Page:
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      Advances in Biomaterials for Drug Delivery

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          Abstract

          <p class="first" id="P1">Advances in biomaterials for drug delivery are enabling significant progressin biology and medicine. Multidisciplinary collaborations between physical scientists, engineers, biologists, and clinicians generate innovative strategies and materials to treat a range of diseases. Specifically, recent advances include major breakthroughs in materials for cancer immunotherapy, autoimmune diseases, and genome editing. Here, strategies for the design and implementation of biomaterials for drug delivery are reviewed. A brief history of the biomaterials field is first established, and then commentary on RNA delivery, responsive materials development, and immunomodulation are provided. Current challenges associated with these areas as well as opportunities to address long-standing problems in biology and medicine are discussed throughout. </p>

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          Hydrogels in Biology and Medicine: From Molecular Principles to Bionanotechnology

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            Knocking down barriers: advances in siRNA delivery

            Key Points RNA interference (RNAi) is a fundamental pathway in eukaryotic cells by which sequence-specific small interfering RNA (siRNA) is able to silence genes through the destruction of complementary mRNA. RNAi is an important therapeutic tool that can be used to silence aberrant endogenous genes or to knockdown genes essential to the proliferation of infectious organisms. Delivery remains the central challenge to the therapeutic application of RNAi technology. Before siRNA can take effect in the cytoplasm of a target cell, it must be transported through the body to the target site without undergoing clearance or degradation. Currently, the most effective synthetic, non-viral delivery agents of siRNA are lipids, lipid-like materials and polymers. Various cationic agents including stable nucleic acid–lipid particles, lipidoids, cyclodextrin polymers and polyethyleneimine polymers have been used to achieve the successful systemic delivery of siRNA in mammals without inducing significant toxicity. Direct conjugation of delivery agents to siRNA can facilitate delivery. For example, cholesterol-modified siRNA enables targeting to the liver. RNAi therapeutics have progressed to the clinic, where studies are being conducted to determine siRNA efficacy in treating several diseases, including age-related macular degeneration and respiratory syncytial virus. Moving forward, it will be important to pay close attention to the potential nonspecific immunostimulatory effects of siRNA. Modifications to siRNA can be used to minimize stimulation of the immune system, and an increased emphasis must be placed on performing proper controls to ensure that therapeutic effects are sequence-specific.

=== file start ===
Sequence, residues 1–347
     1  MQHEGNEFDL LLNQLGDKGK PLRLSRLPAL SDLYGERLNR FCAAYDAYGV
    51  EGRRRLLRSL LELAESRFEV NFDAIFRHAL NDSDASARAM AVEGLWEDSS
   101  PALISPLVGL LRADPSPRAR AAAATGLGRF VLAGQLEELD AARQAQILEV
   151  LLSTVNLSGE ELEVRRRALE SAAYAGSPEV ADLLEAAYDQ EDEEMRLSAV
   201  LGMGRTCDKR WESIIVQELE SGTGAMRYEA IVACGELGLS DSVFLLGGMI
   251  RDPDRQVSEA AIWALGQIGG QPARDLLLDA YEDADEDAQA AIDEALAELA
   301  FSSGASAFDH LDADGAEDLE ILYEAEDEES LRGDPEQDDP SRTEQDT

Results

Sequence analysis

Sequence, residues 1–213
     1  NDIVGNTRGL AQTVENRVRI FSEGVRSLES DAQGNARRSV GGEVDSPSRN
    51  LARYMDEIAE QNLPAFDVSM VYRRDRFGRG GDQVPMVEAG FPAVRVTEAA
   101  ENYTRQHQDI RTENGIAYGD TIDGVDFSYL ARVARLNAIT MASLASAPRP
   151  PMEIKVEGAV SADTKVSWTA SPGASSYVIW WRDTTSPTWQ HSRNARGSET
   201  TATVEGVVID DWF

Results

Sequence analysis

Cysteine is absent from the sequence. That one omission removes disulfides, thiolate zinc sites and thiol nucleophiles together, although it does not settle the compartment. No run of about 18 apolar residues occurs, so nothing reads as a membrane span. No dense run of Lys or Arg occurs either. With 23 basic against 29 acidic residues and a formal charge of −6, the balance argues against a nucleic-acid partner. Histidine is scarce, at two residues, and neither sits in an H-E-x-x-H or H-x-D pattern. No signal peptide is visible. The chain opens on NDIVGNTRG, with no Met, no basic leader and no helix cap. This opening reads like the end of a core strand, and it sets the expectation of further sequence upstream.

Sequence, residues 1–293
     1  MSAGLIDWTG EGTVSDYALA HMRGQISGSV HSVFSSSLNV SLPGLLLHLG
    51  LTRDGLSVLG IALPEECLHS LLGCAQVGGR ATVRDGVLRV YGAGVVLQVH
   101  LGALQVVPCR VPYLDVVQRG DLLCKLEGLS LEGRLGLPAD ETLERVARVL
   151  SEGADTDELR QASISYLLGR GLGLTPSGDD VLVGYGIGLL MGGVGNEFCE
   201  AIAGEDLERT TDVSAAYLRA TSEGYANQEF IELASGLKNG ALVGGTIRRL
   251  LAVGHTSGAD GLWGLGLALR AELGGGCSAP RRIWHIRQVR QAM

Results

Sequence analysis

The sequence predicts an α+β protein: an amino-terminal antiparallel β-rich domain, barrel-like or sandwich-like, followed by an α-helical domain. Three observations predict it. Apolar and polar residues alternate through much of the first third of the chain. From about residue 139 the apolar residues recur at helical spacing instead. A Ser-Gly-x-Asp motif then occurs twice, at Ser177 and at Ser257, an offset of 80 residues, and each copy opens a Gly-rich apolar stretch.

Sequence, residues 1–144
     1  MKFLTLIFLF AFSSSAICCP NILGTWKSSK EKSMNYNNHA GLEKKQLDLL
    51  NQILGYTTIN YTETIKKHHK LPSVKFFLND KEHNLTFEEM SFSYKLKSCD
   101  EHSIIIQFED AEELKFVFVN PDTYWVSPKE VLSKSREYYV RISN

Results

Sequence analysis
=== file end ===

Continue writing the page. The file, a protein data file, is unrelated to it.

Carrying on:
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              The inflammasomes: guardians of the body.

              The innate immune system relies on its capacity to rapidly detect invading pathogenic microbes as foreign and to eliminate them. The discovery of Toll-like receptors (TLRs) provided a class of membrane receptors that sense extracellular microbes and trigger antipathogen signaling cascades. More recently, intracellular microbial sensors have been identified, including NOD-like receptors (NLRs). Some of the NLRs also sense nonmicrobial danger signals and form large cytoplasmic complexes called inflammasomes that link the sensing of microbial products and metabolic stress to the proteolytic activation of the proinflammatory cytokines IL-1beta and IL-18. The NALP3 inflammasome has been associated with several autoinflammatory conditions including gout. Likewise, the NALP3 inflammasome is a crucial element in the adjuvant effect of aluminum and can direct a humoral adaptive immune response. In this review, we discuss the role of NLRs, and in particular the inflammasomes, in the recognition of microbial and danger components and the role they play in health and disease.
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                Author and article information

                Journal
                Advanced Materials
                Adv. Mater.
                Wiley
                09359648
                July 2018
                July 2018
                May 07 2018
                : 30
                : 29
                : 1705328
                Affiliations
                [1 ]Koch Institute for Integrative Cancer Research; Massachusetts Institute of Technology; Cambridge MA 02142 USA
                [2 ]Department of Chemical Engineering; Massachusetts Institute of Technology; Cambridge MA 02142 USA
                [3 ]Department of Bioengineering; University of Pennsylvania; School of Engineering and Applied Science; Philadelphia PA 19104 USA
                [4 ]Harvard-MIT Division of Health Sciences and Technology; Massachusetts Institute of Technology; Cambridge MA 02139 USA
                Article
                10.1002/adma.201705328
                6261797
                29736981
                dd63b404-8855-4833-90ba-8a33d4be07d9
                © 2018

                http://doi.wiley.com/10.1002/tdm_license_1.1

                http://onlinelibrary.wiley.com/termsAndConditions#vor

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